Saturday, February 19, 2011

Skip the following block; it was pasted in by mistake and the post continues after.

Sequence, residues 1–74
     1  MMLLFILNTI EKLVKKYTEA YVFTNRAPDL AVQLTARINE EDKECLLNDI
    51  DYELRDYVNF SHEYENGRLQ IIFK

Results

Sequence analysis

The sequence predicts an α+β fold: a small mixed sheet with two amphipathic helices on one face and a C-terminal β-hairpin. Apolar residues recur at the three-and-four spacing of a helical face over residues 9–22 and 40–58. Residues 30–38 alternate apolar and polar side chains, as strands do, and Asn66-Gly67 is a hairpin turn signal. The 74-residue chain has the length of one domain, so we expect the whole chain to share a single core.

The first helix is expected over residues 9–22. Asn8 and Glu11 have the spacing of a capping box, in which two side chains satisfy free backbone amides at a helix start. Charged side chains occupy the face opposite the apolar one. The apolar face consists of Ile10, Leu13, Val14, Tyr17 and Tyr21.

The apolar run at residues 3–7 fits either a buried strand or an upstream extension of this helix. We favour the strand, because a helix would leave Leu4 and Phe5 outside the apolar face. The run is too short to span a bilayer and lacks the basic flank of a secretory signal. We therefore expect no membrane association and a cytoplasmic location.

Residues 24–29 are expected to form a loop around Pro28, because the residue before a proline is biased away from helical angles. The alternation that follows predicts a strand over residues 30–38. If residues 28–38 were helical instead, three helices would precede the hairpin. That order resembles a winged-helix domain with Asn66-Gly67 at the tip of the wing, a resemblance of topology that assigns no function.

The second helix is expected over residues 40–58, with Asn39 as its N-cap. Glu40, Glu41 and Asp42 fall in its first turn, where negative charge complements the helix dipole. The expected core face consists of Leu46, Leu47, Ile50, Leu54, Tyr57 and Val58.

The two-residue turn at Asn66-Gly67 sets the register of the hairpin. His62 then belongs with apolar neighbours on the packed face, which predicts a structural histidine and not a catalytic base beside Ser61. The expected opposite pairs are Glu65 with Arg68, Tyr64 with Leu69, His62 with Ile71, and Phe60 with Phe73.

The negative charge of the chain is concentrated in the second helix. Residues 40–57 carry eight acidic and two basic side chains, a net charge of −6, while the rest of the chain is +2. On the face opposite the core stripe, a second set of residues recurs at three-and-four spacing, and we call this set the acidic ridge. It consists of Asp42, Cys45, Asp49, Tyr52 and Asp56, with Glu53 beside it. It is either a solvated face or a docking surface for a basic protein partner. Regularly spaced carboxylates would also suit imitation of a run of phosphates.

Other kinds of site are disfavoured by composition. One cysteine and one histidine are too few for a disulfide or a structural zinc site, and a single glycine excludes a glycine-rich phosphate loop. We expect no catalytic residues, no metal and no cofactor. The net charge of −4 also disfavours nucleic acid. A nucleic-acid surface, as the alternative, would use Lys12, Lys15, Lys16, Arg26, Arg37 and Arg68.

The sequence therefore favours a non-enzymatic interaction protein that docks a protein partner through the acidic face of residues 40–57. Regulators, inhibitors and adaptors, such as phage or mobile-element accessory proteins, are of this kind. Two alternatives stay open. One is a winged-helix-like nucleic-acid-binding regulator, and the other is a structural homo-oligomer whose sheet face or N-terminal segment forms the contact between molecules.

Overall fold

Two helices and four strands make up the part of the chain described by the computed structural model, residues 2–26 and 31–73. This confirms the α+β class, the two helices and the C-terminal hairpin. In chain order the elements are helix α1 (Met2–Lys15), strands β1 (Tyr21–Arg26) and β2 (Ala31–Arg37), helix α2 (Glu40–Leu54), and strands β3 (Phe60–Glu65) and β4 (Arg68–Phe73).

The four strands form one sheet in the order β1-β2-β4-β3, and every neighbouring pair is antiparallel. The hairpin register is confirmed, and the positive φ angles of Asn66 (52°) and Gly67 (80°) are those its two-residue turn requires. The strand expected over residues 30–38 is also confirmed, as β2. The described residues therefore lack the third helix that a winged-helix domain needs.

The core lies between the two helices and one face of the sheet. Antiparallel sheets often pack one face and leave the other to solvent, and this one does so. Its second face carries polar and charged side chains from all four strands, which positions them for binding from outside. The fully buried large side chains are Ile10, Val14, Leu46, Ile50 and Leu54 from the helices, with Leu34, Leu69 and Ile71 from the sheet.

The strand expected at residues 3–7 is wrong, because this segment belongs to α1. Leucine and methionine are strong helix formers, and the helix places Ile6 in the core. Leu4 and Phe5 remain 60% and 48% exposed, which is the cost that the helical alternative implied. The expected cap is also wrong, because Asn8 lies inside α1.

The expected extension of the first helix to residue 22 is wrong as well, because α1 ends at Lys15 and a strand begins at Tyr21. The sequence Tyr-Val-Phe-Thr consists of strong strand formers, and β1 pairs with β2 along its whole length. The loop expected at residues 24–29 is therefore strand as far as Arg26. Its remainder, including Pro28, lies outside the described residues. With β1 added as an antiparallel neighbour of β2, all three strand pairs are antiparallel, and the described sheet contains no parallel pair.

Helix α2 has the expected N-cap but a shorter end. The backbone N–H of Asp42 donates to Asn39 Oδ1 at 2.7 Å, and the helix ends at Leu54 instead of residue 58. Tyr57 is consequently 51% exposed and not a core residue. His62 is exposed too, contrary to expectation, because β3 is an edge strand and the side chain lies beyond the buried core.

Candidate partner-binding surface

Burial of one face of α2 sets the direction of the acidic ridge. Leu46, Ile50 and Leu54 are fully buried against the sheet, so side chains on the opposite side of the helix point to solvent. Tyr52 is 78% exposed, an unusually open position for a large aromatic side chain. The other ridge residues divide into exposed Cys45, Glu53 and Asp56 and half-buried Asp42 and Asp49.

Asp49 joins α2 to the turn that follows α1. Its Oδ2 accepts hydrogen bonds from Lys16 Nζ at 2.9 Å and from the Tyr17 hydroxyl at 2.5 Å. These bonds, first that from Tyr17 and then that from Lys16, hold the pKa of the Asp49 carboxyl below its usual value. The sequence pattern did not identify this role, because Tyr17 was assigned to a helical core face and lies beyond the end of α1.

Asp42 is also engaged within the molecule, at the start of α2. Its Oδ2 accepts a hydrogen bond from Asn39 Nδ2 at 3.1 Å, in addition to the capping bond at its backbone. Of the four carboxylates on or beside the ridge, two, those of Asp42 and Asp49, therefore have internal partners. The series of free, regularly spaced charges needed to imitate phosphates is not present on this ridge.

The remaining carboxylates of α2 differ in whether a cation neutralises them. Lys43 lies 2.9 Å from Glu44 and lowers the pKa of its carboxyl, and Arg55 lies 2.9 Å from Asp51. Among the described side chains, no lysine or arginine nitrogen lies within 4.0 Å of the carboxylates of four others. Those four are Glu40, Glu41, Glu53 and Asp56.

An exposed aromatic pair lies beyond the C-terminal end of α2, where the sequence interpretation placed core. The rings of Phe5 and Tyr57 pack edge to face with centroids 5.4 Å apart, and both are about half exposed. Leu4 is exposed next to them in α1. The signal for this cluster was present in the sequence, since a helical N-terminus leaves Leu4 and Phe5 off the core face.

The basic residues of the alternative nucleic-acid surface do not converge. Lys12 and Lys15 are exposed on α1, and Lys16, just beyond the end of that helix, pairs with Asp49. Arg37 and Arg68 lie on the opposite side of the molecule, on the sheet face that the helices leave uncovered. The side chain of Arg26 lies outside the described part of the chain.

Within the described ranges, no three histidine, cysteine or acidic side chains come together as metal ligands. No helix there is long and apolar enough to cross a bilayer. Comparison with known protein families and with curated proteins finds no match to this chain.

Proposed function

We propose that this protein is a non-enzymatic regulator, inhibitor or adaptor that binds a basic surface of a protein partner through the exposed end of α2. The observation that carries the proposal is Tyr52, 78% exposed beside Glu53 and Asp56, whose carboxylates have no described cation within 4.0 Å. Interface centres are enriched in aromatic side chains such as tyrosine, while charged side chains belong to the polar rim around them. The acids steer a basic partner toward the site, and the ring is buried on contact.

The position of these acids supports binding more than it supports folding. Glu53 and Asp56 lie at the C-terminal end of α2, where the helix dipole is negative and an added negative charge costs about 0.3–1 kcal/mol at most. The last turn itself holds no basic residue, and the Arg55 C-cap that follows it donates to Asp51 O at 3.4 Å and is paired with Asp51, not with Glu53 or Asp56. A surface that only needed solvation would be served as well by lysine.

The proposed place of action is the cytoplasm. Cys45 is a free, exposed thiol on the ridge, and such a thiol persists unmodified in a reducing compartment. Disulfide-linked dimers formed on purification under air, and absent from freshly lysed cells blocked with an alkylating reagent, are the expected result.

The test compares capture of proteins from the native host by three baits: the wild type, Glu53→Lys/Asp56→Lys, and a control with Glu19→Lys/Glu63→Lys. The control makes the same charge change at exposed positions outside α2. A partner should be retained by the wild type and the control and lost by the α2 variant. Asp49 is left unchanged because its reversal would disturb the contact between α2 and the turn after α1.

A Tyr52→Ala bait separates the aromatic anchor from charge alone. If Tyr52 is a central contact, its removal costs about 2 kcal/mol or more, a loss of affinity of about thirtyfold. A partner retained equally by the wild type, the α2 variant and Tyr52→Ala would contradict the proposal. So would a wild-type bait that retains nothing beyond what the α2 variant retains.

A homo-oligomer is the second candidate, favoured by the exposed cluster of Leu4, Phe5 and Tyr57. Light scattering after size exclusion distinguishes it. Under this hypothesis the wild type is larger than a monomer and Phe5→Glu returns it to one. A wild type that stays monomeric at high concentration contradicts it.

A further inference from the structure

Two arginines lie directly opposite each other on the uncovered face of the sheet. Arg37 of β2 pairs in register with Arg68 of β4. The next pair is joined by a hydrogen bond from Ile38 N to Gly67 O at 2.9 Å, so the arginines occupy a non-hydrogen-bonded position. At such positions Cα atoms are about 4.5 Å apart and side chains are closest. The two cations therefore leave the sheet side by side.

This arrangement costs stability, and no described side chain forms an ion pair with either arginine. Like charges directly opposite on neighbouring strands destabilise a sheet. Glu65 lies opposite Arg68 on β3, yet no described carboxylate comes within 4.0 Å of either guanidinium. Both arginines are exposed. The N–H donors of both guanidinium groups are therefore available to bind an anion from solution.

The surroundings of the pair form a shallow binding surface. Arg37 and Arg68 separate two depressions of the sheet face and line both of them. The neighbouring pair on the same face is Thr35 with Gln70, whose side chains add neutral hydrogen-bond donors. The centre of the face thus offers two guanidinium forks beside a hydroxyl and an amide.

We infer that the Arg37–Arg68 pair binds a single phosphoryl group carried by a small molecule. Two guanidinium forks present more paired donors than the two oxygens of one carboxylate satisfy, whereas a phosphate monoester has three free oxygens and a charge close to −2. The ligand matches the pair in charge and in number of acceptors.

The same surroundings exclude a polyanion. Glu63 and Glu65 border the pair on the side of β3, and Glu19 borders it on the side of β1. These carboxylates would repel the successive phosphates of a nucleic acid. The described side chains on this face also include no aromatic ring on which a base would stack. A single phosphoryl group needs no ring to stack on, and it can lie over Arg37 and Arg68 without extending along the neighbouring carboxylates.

"A Night to Remember" director Roy Ward Baker helmed the liveliest “Dracula” sequel, “Scars of Dracula,” (***1/2 OUT OF ****) with Christopher Lee reprising the role for the fifth time in the Hammer Films franchise. “Scars of Dracula” followed “Taste the Blood of Dracula” but preceded the modern day epic “Dracula, 1972 A.D.” For the record, Dracula's groveling custodian bears most of those titular scars. Whether he went by his real name Anthony Hinds or his pseudonym John Elder, Hinds/Elder penned a screenplay far more ambitious and audacious in its scope, violence, horror, and sexuality. Mind you, despite its cheesy bat massacre, "Scars of Dracula" qualifies as the bloodiest Hammer film. Moreover, "Scars of Dracula" was the first to receive an R-rating in the United States. Dracula punishes his lowly caretaker Klove by applying the red-hot blade of a sword to his back. Further, the caretaker accepts his punishment as if he approved of being punished. Can we say masochism? Of course, the bats are hopelessly phony. Nevertheless, the scene where the bats maul the face off the priest in the church like piranha gorging themselves is terrific. The clergy came under increasing attack in 1970s movies. This scene alone should have landed the film on the video nasties list in Great Britain. Indeed, "Scars of Dracula" is the most supernatural of the "Dracula" franchise. Ultimately, it is the one "Dracula" film from Hammer where the Count boasts more screen time than usual. He also has a fiery death scene that suggests greater powers were at work to vanquish him because mere mortals could not finish him off. Inevitably, this quasi-invincibility adds stature to Christopher Lee's immortal creation